When the light is broken up into smaller and smaller pieces, the reflections of light then become smaller. It can be difficult for our human eyes (as opposed to a camera lens) to disperse the flashes of white light into colored light/sparkle. Thus princess cut diamonds with four chevron facets can appear to be more brilliant (white sparkle) than exhibit a virtual balance of brilliance and dispersion (colored sparkle/fire) and the diamond usually exhibits more of a crushed ice look.
I personally prefer princess cut diamonds that feature a 3+1 combination of a pavilion main facet that is accented by three chevron facets. This 2.051 carat, G-color, VS-1 clarity, Brian Gavin Signature princess cut diamond is an example of a princess cut diamond that features three chevron facets.
Three chevron facets tend to produce larger virtual facets, which provide a balance between the 2+1 and 4+1 facet configurations. This creates princess cut diamonds that look brighter. The sparkle is larger in size, bolder, brighter, and more vivid than what two and four chevron princess cut diamonds display.
The same premise holds true for round brilliant cut diamonds by the way, and this is where the research began. When the lower girdle facet (LGF) length of a round is between 75 – 78% and combined with ideal proportions in the center spectrum of the range. In this case, the diamonds produce the same kind of broad-spectrum sparkle.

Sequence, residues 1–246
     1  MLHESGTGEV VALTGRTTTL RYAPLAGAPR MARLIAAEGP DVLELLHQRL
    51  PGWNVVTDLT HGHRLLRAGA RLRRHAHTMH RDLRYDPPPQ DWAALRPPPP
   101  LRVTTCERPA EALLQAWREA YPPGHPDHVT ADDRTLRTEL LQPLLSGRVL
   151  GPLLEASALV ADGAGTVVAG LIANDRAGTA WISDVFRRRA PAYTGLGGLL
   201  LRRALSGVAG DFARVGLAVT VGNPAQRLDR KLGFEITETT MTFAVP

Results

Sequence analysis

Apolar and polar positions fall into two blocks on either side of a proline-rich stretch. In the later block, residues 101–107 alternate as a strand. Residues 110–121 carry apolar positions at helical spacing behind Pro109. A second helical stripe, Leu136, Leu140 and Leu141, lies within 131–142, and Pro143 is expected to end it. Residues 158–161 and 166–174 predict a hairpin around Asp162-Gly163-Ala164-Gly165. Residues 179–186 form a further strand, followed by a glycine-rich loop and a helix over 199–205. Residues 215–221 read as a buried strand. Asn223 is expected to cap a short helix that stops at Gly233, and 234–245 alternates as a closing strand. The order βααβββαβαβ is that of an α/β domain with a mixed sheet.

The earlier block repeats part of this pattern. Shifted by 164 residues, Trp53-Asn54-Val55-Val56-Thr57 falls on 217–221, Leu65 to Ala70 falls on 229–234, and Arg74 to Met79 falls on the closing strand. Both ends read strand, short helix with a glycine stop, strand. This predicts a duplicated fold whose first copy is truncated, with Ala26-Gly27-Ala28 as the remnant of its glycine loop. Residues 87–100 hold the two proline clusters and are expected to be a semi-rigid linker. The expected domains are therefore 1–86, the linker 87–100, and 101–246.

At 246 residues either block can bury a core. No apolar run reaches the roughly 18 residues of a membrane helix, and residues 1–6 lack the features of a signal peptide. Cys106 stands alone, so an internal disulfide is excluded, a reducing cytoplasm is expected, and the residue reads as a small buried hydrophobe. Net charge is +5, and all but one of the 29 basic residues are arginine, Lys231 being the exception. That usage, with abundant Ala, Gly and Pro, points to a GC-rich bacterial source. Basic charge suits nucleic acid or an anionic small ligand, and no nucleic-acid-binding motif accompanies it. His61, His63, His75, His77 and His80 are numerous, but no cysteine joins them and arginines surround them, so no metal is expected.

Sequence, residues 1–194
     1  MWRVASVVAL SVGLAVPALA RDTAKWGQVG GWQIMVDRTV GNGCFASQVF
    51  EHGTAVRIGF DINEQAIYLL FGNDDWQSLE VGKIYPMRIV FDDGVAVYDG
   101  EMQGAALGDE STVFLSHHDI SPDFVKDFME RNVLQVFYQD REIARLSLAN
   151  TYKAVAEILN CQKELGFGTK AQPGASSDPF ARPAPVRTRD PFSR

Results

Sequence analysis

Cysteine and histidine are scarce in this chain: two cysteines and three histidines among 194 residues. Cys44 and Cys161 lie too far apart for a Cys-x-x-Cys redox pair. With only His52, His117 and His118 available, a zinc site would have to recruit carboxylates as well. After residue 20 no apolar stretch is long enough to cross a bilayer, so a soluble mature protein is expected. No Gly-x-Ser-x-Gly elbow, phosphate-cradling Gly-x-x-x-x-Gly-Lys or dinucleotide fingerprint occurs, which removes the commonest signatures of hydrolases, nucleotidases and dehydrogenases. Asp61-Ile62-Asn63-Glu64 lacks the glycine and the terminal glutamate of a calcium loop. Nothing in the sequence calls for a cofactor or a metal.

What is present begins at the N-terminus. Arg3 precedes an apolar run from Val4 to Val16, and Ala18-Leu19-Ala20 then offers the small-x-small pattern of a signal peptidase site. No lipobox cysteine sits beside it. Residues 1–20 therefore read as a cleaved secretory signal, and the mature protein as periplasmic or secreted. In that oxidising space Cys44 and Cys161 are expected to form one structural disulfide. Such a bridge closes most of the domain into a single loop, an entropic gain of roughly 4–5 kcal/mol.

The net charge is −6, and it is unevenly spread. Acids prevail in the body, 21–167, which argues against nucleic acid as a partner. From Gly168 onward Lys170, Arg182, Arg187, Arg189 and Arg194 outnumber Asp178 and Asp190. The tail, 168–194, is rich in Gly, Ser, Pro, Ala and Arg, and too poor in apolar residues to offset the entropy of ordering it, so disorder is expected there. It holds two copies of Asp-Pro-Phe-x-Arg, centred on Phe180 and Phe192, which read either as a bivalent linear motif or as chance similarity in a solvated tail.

When the LGF’s are lengthened to 80 – 82% the size of the sparkle diminishes, and the diamonds start to look more brilliant and resemble crushed ice. This is outlined in the article 15 Seconds to Diamond Buying Success. Princess cuts that feature four chevron facets tend to look like crushed ice.
If you look at princess cut diamonds cut earlier by Brian Gavin, such as this 2.497 carat, G-color, VS-1 clarity, BGD Signature Princess cut diamond, you’ll see that they featured a 2+1 facet structure. This gives you an opportunity to compare images for a 2+1, 3+1, and 4+1 pavilion designs and determine which one appeals to you most. Pay particular attention to the amount of red indicted in the ASET image, and the pattern of how the red, blues, and greens, are dispersed throughout the diamond — refer to this article for what the different colors of ASET mean.
Notice that all of the new BGD Signature Princess cut diamonds feature a 3+1 facet design. The research conducted by BGD during their development process all indicates that this combination produces the highest volume of light return and superior sparkle.
The thing with Brian Gavin Princess cut diamonds is that they are all being produced under the direction of Brian Gavin. The diamonds are all cut in the same diamond cutting factory, thus the ASET and Ideal Scope images for all the new 3+1 chevron facet/pavilion main facet BGD Signature Princess cut diamonds look quite uniform.
Take a look at how consistent the ASET images look for these Brian Gavin Signature Princess cut diamonds, which all feature the three chevron facet structure: